TerraVida Holistic Centers, a chain of medical marijuana stores based in the Philadelphia suburbs, was acquired on Friday by Chicago-based Verano Holdings, in a transaction valued at about $135 million.

TerraVida operates three of Pennsylvania’s top-performing dispensaries in Abington, Malvern, and Sellersville. The cash and stock deal — formally “an acquisition of equity” — includes TerraVida’s headquarters in Jenkintown along with state-issued permits to operate three more retail storefronts in the Keystone State.

The chain’s founder and president Chris Visco, 49, will stay on in an executive position and will continue to oversee retail operations. Visco will assume managerial control over Verano’s Zen Leaf stores in Altoona, Harrisburg, and York.

Those shops will be rebranded under the TerraVida umbrella as the Chicago firm moves toward a nine-store Pennsylvania operation.

Verano Holdings operates growing facilities and retail locations in 14 states. Its stock, VRNO, went public last week on the Canadian Stock Exchange.

The deal has been in the works for two months, said Visco, who has been battling breast cancer during the negotiations.

As the COVID pandemic progressed, financial interest in marijuana grew, she said. “We were approached by six companies,” Visco added “I chose Verano because they believe in the same things I do.”

The infusion of cash will help TerraVida open a larger store in Northeast Philadelphia, she said. Visco’s first attempt to open a Philadelphia store in East Mount Airy failed in the face of political opposition.

The chain’s Abington store, currently in a former animal hospital, will be relocated north on Route 611 in a building that once housed a La-Z-Boy recliner franchise.

Visco said she is reserving 12,000 square feet of the building to expand should Pennsylvania legalize cannabis for recreational use. That prospect became more realistic this week after Dan Laughlin, a Republican state senator from Erie, proposed a legalization measure in Harrisburg.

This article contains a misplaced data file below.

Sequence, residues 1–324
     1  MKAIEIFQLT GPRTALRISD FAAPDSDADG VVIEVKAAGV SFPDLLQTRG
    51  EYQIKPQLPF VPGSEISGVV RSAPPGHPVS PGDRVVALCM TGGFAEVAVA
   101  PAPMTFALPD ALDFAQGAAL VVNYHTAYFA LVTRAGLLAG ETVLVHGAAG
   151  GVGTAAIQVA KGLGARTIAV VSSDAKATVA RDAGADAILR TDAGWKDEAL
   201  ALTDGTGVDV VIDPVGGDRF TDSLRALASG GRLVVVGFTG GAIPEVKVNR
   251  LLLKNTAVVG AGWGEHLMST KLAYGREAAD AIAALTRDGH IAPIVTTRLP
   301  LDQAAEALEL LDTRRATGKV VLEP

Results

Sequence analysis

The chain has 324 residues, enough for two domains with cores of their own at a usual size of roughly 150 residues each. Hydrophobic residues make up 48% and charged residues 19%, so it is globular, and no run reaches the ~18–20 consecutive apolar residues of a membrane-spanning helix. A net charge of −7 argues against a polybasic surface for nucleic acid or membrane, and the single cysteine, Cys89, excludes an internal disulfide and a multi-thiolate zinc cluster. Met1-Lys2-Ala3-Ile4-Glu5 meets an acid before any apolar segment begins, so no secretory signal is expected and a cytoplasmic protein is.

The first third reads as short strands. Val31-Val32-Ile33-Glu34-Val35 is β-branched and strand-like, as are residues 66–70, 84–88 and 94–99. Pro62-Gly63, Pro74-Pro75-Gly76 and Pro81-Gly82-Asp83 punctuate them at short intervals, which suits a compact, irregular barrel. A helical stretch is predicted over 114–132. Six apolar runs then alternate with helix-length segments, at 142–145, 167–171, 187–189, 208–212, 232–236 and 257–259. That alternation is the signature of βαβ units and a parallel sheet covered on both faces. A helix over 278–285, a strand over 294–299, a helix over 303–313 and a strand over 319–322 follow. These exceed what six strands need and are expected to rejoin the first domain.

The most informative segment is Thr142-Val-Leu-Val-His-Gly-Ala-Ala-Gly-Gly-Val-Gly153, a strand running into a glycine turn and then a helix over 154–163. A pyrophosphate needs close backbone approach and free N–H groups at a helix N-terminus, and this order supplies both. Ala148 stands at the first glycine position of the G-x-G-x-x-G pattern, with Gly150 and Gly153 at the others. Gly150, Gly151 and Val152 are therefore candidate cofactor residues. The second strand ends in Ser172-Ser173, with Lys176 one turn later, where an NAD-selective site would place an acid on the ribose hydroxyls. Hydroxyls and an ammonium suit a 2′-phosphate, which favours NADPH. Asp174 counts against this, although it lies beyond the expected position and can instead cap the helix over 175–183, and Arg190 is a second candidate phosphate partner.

New Jersey this week legalized marijuana for adult recreational use. The newly created industry is unlikely to begin sales for at least six months.

Visco said she’s not concerned about Garden State weed sales cannibalizing medical marijuana business on the Pennsylvania side of the river. She said Pennsylvania’s lack of taxes on the products sold in medical dispensaries meant its firms would be able to undersell those in the Garden State.

Visco said the merged TerraVida and Verano wants to acquire a Pennsylvania permit to grow cannabis on a large scale in the coming years. “We’re hopeful that we will become vertically integrated in the state at some point,” she said.

Also on Friday, Verano announced two other acquisitions: an Arizona weed retailer, the Emerald Dispensary in Phoenix, for $22.5 million; and The Herbal Care Center, a dispensary in Chicago, for $17.5 million.

“We are enormously excited for what the future holds in Illinois, Pennsylvania, and Arizona,” said George Archos, cofounder and CEO of Verano. “Each are core markets for us and present robust, thoughtfully designed programs with great potential, for sound operators, patients, and consumers alike.”